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Plants Use Pungent-Smelling Chemicals to Protect Their Next-Generation From Predators

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Image credit: Pixabay Plants serve themselves as food to various herbivores, insects and larvae. Earlier, they didn’t have a way to defend themselves. However, after millions of years of evolution, they have in-built a defensive system to ensure their survival for the next generation. A recent study by the University of Copenhagen, Denmark , proposed that plants use substances that taste similar to wasabi and mustard sauce that stimulate a burning sensation in their predators' mouths, thereby preventing themselves from getting eaten up. Instead of serving plants as food, these pungent-smelling chemicals repel insects and herbivores to defend them. Glucosinolates are naturally occurring substances in plants that play an important role in their defensive mechanisms. When herbivores start eating plant leaves, the plant tissues are crushed, and an enzyme is released called Myrosinase. This enzyme gets mixed with glucosinolates to produce toxic metabolites that inhibit most insects to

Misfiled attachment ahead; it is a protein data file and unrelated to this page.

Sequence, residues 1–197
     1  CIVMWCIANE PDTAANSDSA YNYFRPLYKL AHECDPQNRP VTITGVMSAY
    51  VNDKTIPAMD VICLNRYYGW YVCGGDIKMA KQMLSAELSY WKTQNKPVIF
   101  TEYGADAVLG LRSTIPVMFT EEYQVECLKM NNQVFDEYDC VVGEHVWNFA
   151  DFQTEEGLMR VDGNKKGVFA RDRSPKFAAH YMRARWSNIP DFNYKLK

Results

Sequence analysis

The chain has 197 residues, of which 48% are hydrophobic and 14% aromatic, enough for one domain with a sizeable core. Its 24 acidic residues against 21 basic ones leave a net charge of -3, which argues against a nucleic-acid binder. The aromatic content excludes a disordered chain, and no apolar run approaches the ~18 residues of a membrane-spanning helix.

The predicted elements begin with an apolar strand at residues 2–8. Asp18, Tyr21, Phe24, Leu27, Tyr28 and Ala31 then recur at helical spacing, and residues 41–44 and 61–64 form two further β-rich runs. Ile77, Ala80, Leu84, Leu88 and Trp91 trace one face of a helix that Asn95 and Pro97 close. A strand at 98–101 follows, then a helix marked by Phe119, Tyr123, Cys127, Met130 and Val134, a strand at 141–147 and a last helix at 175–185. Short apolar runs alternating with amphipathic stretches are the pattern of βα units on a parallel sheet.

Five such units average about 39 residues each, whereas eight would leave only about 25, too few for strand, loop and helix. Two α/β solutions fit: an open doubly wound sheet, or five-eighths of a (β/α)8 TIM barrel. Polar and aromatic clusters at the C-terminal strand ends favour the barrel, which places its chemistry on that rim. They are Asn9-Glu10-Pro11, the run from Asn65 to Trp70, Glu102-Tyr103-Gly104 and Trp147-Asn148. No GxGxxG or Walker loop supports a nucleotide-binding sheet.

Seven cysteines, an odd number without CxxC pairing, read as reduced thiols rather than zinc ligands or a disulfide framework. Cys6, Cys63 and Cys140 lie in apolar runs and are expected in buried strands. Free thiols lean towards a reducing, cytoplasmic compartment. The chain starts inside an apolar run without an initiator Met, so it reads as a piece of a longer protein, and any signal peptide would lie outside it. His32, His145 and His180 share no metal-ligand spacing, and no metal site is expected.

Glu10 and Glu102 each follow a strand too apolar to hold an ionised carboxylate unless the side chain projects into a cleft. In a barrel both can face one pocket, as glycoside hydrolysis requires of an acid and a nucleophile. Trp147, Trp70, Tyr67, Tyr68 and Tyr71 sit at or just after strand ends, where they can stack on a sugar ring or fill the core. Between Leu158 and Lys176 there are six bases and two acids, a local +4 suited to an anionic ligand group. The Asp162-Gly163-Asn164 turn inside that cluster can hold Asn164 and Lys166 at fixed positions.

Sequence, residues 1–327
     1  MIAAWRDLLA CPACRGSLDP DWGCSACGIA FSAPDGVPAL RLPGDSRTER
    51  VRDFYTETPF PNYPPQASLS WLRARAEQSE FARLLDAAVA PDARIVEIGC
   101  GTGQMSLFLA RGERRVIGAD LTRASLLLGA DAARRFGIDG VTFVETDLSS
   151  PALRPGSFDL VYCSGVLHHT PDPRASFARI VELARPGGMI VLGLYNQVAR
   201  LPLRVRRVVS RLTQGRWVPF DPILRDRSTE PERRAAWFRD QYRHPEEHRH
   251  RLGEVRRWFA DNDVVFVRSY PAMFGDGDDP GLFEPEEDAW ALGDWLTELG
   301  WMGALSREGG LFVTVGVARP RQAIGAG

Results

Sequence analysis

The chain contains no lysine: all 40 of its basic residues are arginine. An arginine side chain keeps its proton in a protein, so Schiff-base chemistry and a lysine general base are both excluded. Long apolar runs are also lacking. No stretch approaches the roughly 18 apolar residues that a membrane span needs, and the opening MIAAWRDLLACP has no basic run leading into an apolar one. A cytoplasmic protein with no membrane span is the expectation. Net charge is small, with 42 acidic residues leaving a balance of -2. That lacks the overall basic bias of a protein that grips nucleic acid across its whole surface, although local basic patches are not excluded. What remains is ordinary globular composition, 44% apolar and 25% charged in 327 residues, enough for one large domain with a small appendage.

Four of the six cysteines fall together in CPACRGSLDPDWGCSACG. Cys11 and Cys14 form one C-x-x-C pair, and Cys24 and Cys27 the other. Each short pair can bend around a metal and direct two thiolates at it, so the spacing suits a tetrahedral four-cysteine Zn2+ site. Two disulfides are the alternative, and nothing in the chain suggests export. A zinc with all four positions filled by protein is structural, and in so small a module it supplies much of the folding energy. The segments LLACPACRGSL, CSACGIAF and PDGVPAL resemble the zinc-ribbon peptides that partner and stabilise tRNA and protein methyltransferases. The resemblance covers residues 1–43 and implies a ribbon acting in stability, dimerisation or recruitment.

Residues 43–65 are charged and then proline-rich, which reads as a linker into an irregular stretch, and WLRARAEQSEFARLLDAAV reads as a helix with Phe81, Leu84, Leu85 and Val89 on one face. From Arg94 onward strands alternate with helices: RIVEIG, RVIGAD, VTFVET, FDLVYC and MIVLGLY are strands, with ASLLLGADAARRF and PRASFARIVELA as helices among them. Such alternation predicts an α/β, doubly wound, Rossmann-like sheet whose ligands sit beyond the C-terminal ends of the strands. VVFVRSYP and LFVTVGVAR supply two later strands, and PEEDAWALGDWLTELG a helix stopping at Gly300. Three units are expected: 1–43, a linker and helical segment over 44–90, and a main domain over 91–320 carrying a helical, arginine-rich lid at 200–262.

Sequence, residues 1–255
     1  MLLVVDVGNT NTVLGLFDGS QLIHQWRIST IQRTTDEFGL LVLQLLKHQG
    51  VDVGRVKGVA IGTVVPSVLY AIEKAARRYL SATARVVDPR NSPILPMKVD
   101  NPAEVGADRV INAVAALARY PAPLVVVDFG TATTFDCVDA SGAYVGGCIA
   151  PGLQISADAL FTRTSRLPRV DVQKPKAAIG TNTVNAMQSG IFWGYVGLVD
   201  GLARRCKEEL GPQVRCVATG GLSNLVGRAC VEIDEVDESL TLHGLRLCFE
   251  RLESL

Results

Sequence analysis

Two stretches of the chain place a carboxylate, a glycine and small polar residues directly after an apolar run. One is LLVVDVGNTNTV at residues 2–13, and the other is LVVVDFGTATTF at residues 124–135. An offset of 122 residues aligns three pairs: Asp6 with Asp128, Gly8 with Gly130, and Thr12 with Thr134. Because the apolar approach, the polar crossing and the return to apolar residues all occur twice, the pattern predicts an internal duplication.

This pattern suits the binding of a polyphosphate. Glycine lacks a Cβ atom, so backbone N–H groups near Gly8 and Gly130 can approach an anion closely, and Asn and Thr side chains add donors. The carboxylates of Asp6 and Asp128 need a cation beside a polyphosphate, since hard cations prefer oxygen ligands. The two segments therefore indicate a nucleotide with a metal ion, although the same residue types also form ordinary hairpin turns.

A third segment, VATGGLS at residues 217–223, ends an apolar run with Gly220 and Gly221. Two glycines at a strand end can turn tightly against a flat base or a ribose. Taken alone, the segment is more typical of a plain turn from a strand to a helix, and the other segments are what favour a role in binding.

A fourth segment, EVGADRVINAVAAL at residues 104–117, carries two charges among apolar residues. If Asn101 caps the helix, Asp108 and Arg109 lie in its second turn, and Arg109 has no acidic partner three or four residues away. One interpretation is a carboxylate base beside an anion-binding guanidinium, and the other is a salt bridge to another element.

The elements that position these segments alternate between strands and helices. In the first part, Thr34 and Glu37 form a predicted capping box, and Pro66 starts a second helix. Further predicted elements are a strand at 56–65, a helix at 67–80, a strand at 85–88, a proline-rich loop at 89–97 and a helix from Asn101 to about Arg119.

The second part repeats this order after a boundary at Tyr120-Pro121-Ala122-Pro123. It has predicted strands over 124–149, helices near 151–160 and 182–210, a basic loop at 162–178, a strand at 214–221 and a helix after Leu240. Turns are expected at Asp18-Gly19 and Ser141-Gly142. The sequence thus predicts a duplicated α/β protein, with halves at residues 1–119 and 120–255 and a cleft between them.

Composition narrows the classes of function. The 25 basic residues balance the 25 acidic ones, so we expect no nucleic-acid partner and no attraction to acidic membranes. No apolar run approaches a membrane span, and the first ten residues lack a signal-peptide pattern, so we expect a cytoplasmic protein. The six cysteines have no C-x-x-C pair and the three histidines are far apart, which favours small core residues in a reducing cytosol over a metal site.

Fungal Diseases Threatened Banana Monocultures. Now They Are a Risk to Wild Bananas Too.

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Image credit: Pixabay Fusarium is a species of fungus that affects the cultivation of a variety of crops. It is a plant pathogen that causes several diseases such as Fusarium wilt in bananas and solanaceous crops, head blight, crown rot and scab on cereals, etc.   Fusarium oxysporum , a Fusarium fungus species affects the cultivation of solanaceous crops such as potatoes, tomatoes, chillies, etc. Due to this, thousands of solanaceous cultivators had to face agricultural losses leading to low income and subsistence. Fusarium oxysporum or Foc is a soil-borne fungus that affects the tissues of plants. It enters the plant's vascular tissues through roots and deteriorates them. Vascular tissues help to transport minerals and nutrients within a plant. Any infection in these tissues can lead to plant death. Moreover, tackling this fungus is difficult as its spores remain in the soil even when infected plants and tissues are removed. As far as commercial trade is concerned, the banana ex

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